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In the state of Michigan how can you involuntarily commit someone, ie; 'Bakers Act?

Mount Clemens, MI |
Filed under: Family law

My Neice has been heavily abusing prescription pain killers for well over a year. Example is she will consume a 120 pill, 30 mg oxycodone 'script in 4 days, then take a 60 pill 100 mg script of morphine in less than 7 days. When she is out of meds, she becomes irrational, combative, delusional (making things up that didn't happen or was said, etc) She has an 8 month old baby, lives with her boyfriend. She also has been stealing from family, wrote bad checks form her grandmothers account, used charge cards, etc to obtain money for drugs off the street when she is out of her legal drugs. a Lot of family is hesitant to prosecute (I think they should!) She is now exhibiting such bizzare behavior, Jekyl/Hyde kind of thing. She has never been in trouble with the law.

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The Baker Act is a Florida Law. The procedure to obtain involuntary outpatient treat in Michigan is described in MCL 330.1433, which states in part:

"(1) Any individual 18 years of age or over may file a petition with the court that asserts that an individual meets the criteria for assisted outpatient treatment specified in section 401(d). The petition shall contain the facts that are the basis for the assertion, the names and addresses, if known, of any witnesses to the facts, the name and address of the mental health professional currently providing care to the individual who is the subject of the petition, if known, and the name and address of the nearest relative or guardian, if known, or, if none, a friend, if known, of the individual who is the subject of the petition."

"(2) Upon receipt of a petition, the court shall inform the subject of the petition and the community mental health services program serving the community in which the subject of the petition resides that the court shall hold a hearing to determine whether the subject of the petition meets the criteria for assisted outpatient treatment. Notice shall be provided as set forth in section 453. The hearing shall be governed by sections 454 and 458 to 465."

"(3) If in the hearing, the court verifies that the subject of the petition meets the criteria for assisted outpatient treatment and he or she is not scheduled to begin a course of outpatient mental health treatment that includes case management services or assertive community treatment team services, the court shall order the subject of the petition to receive assisted outpatient treatment through his or her local community mental health services program. . . ."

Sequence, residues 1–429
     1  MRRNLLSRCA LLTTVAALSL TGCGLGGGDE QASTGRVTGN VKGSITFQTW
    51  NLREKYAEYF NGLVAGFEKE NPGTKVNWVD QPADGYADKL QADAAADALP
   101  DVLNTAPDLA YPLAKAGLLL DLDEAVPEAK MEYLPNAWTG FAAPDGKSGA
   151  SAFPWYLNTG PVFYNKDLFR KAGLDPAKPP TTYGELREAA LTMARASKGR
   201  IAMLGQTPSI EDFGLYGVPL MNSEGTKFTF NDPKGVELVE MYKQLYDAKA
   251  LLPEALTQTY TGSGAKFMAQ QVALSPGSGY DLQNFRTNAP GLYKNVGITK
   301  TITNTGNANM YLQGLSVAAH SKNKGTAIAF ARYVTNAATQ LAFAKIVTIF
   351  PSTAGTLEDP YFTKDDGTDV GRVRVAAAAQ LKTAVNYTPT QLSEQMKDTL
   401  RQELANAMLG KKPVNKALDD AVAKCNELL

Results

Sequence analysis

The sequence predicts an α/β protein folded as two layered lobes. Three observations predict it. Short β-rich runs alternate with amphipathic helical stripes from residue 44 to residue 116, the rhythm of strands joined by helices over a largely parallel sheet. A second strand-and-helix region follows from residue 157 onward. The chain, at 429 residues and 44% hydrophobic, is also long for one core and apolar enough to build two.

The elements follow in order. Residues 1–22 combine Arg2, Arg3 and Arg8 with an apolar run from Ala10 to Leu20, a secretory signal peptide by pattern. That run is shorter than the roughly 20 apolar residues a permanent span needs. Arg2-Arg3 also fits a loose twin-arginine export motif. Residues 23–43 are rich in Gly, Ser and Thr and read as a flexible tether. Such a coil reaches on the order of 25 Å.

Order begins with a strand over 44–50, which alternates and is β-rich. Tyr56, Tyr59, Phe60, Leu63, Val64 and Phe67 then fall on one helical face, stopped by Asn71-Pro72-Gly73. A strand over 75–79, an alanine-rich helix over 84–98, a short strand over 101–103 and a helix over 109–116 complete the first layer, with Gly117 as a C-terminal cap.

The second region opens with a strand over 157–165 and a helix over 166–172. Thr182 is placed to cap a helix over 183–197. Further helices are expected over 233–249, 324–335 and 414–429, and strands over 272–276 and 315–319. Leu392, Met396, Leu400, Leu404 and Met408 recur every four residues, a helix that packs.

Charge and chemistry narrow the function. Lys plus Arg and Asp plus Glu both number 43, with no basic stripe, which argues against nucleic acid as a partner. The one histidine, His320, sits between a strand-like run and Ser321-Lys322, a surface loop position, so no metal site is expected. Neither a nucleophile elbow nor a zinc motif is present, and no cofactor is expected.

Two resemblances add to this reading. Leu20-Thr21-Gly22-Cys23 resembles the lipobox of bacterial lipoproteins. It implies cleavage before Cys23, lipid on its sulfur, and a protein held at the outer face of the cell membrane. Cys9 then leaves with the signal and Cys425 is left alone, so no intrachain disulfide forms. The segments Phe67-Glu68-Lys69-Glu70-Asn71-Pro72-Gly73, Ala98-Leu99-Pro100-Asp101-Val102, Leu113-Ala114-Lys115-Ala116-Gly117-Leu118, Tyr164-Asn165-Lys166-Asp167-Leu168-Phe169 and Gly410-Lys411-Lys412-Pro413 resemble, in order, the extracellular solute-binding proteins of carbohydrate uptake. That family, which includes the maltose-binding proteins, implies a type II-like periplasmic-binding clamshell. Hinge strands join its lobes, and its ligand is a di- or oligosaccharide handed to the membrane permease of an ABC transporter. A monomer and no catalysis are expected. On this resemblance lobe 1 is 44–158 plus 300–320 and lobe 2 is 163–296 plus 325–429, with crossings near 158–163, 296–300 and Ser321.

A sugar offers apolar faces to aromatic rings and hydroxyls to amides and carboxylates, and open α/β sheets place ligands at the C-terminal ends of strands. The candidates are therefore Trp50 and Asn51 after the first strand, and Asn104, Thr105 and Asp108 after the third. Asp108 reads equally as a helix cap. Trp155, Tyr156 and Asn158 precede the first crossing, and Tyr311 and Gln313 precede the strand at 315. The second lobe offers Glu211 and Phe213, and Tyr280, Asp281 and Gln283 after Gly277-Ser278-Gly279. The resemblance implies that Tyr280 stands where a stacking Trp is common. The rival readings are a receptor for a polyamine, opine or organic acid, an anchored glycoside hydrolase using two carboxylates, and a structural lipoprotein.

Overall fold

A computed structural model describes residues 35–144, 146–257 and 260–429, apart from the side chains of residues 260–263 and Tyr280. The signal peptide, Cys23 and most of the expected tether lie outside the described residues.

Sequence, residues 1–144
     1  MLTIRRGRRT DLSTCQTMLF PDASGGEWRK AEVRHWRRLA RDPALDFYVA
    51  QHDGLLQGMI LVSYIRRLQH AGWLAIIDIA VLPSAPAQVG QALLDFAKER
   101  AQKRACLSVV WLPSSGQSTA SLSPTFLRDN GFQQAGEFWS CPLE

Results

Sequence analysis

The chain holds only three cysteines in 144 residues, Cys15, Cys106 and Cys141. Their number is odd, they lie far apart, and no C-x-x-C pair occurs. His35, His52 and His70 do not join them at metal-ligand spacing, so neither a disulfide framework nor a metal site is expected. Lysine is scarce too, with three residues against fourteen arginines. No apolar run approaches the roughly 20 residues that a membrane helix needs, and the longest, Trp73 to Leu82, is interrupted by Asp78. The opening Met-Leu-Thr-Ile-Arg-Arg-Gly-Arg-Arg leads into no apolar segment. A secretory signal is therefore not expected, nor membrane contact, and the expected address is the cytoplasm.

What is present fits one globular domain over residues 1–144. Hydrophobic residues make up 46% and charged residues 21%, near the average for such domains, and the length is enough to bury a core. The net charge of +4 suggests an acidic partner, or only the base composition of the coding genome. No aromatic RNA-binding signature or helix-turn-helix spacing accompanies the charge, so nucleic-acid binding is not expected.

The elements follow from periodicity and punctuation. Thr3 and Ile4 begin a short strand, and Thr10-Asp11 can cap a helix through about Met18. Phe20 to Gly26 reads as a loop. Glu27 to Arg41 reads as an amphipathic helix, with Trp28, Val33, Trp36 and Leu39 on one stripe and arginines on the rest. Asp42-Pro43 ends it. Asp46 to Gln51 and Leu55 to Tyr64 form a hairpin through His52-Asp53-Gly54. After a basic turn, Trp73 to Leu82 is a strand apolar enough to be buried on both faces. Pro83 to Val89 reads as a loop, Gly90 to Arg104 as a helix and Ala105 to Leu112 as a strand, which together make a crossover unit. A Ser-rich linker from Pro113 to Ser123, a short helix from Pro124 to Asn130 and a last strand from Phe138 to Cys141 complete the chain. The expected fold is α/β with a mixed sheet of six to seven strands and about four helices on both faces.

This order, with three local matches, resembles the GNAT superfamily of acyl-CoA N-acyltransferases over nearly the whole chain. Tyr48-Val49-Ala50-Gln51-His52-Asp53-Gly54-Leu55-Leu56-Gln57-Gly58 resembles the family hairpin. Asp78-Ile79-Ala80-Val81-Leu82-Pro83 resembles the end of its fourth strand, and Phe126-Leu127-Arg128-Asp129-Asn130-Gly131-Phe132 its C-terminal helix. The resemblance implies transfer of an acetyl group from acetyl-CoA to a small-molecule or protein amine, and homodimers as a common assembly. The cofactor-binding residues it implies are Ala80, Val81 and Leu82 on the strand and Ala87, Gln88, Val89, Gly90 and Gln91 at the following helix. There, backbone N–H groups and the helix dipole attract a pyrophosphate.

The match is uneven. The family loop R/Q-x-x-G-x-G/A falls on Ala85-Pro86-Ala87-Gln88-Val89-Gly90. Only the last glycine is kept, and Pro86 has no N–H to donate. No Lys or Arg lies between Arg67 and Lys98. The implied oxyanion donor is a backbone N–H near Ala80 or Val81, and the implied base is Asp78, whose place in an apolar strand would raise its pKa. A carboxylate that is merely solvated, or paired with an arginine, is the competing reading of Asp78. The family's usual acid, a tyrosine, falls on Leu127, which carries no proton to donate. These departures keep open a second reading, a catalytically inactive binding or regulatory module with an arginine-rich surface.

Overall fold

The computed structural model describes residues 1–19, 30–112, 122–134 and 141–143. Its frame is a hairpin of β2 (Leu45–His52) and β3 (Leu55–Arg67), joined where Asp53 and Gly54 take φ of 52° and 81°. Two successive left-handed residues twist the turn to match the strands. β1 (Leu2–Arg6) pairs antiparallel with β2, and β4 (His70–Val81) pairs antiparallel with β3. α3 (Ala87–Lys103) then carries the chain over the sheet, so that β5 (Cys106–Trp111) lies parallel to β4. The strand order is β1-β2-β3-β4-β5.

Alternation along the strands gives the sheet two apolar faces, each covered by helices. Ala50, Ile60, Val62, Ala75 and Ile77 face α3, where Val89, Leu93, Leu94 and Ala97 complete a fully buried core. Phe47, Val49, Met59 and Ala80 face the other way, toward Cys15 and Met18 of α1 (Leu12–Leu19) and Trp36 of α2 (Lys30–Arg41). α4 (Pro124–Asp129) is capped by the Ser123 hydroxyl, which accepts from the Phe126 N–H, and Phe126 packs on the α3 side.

Pursuant to MCL MCL 330.1401(d) a person requires treatment if:

"An individual who has mental illness, whose understanding of the need for treatment is impaired to the point that he or she is unlikely to participate in treatment voluntarily, who is currently noncompliant with treatment that has been recommended by a mental health, professional and that has been determined to be necessary to prevent a relapse or harmful deterioration of his or her condition and whose noncompliance with treatment has been a factor in the individual's placement in a psychiatric hospital, prison, or jail at least 2 times within the last 48 months or whose noncompliance with treatment has been a factor in the individual's committing 1 or more acts, attempts, or threats of serious violent behavior within the last 48 months. An individual under this subdivision is only eligible to receive assisted outpatient treatment under section 433 or 469a."

The procedure for involuntary inpatient treatment is outlined in MCL 330.1434 as follows:

"(1) Any individual 18 years of age or over may file with the court a petition that asserts that an individual is a person requiring treatment as defined in section 401.

(2) The petition shall contain the facts that are the basis for the assertion, the names and addresses, if known, of any witnesses to the facts, and, if known, the name and address of the nearest relative or guardian, or, if none, a friend, if known, of the individual.

(3) The petition shall be accompanied by the clinical certificate of a physician or a licensed psychologist, unless after reasonable effort the petitioner could not secure an examination. If a clinical certificate does not accompany the petition, an affidavit setting forth the reasons an examination could not be secured shall also be filed. The petition may also be accompanied by a second clinical certificate. If 2 clinical certificates accompany the petition, at least 1 clinical certificate shall have been executed by a psychiatrist.

(4) Except as otherwise provided in section 455, a clinical certificate that accompanies a petition shall have been executed within 72 hours before the filing of the petition, and after personal examination of the individual."

DISCLAIMER: This answer is provided as general information, which may not be appropriate for the specific facts of your particular situation. No attorney-client relationship has been established based on this limited communication. You are advised to consult with an attorney in your jurisdiction before taking any action or inaction that may affect your legal rights. www.hecklerlawoffice.com

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